I do understand the rush and the panic that many new authors feel. They have just typed the words THE END on that manuscript and announce to their writing chapter they are finished. The chapter applauds the great work of the author and then immediately bombard the author with the pressure of "getting published." Suddenly now, everyone in the room has an opinion and becomes an expert. Go ahead and listen but do not act! Wait and do your homework.
If you are someone getting ready to find that agent to represent your work, you need to stop and consider yourself as a writer and an individual. This is crucial because it will shape your search for that right agent. Some things to consider might be:
- How much do I know about the business?
- Do I need a lot of hand-holding through my writing?
- What type of writing do I do? Series? Single title? (and yes, obviously the genre).
- Do I like to be the big fish in the small pond or the small fish in the big pond?
- Am I an independent or a dependent writer? In other words, do I need to finish the entire project first before I get feedback, or do I need feedback throughout?
Now that you have created a profile of your own needs and goals, it is time to start through that list of agent. Start obviously with making a list of the agents who represent your writing. This is one of those "no-duh" statements. You are not going to create your list of agents who just acquire everything - be clear they represent exactly what you write.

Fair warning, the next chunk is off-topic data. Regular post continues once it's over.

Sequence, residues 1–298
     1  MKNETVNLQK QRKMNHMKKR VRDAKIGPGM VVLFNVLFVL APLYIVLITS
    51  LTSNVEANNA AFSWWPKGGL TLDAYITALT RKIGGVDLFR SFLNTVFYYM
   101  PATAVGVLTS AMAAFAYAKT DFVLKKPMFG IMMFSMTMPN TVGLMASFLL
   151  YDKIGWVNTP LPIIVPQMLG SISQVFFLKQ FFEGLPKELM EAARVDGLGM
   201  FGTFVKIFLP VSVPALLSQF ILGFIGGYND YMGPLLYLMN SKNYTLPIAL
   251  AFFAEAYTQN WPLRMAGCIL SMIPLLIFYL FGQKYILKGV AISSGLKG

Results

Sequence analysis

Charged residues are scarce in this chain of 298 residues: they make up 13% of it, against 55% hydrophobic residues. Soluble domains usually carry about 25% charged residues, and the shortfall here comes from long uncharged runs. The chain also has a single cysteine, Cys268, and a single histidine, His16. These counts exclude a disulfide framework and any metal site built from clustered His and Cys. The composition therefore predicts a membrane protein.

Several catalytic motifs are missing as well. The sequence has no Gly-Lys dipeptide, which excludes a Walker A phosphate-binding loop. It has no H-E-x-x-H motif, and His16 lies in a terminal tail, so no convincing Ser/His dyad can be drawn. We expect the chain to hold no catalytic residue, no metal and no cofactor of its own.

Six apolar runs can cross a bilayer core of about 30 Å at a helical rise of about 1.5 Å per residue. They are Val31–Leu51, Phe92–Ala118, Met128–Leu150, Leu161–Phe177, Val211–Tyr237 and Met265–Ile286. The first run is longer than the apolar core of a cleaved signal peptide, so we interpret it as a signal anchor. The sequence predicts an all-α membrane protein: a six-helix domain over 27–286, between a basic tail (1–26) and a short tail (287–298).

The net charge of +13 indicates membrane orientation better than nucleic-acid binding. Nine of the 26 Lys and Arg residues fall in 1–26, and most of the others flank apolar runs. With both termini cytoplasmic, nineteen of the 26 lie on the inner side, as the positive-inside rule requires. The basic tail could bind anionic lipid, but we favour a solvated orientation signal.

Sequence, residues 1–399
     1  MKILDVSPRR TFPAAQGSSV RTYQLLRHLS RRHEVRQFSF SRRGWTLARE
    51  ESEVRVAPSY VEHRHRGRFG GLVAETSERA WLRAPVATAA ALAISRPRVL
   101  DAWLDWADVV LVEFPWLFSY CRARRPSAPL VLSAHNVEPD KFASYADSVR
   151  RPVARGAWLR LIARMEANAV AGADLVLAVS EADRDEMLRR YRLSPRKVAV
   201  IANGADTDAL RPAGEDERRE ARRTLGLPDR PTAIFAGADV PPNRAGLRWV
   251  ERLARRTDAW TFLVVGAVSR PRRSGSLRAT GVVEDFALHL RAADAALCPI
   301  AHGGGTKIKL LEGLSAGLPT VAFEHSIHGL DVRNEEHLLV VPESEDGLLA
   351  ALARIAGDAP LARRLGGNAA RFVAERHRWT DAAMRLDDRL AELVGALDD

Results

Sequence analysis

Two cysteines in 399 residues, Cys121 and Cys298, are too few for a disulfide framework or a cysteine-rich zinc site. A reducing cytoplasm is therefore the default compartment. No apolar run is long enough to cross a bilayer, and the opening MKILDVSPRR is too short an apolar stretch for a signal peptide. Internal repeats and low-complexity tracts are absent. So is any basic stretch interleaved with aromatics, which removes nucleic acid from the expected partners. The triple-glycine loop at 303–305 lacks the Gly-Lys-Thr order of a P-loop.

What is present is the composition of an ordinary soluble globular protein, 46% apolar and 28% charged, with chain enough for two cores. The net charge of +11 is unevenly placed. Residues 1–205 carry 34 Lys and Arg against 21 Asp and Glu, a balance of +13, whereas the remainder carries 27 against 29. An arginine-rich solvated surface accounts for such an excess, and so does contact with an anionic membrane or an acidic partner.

The next step is to narrow that list down. You found people who represent, say romance. But what about the agents specifics. In the case of Greyhaus Literary Agency, yes, I represent romance, but I don't represent erotica or fantasy (and yes there are a couple of others as well). Focus also on the things the person likes or doesn't like. Again, in the case of Greyhaus, I love historical, but I am pretty picky about historicals since I already have some really strong authors in that genre. The goal here is to find that niche.
Once you have narrowed that list down, it is time to start researching their personalities and their approaches. This is where it might get a little tough and it might take some time. Is this person working at a larger agency so they are just a "sub-agent" or is this person the head honcho at the agency? How does this agent approach business. Are they aggressive with editors or are do they take the nice approach when negotiating?
Look also at their likes and dislikes for genres. In other words, what type of story do they really like to read and to represent.
The idea on these last areas is to match their interests with your interests. Sure many would think they want the agent who will make the room tremble when they walk into a room, but is that really the right fit for you and your writing?
The point is simple. Take your time and find the perfect person to work with you.